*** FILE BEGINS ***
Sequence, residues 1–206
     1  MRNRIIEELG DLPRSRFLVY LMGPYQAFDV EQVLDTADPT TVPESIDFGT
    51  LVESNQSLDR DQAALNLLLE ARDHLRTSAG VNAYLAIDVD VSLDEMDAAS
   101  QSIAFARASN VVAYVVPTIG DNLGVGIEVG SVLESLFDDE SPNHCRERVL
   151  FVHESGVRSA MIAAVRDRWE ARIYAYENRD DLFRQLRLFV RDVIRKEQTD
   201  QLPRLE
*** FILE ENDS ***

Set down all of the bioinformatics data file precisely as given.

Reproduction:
Sequence, residues 1–206
     1  MRNRIIEELG DLPRSRFLVY LMGPYQAFDV EQVLDTADPT TVPESIDFGT
    51  LVESNQSLDR DQAALNLLLE ARDHLRTSAG VNAYLAIDVD VSLDEMDAAS
   101  QSIAFARASN VVAYVVPTIG DNLGVGIEVG SVLESLFDDE SPNHCRERVL
   151  FVHESGVRSA MIAAVRDRWE ARIYAYENRD DLFRQLRLFV RDVIRKEQTD
   201  QLPRLE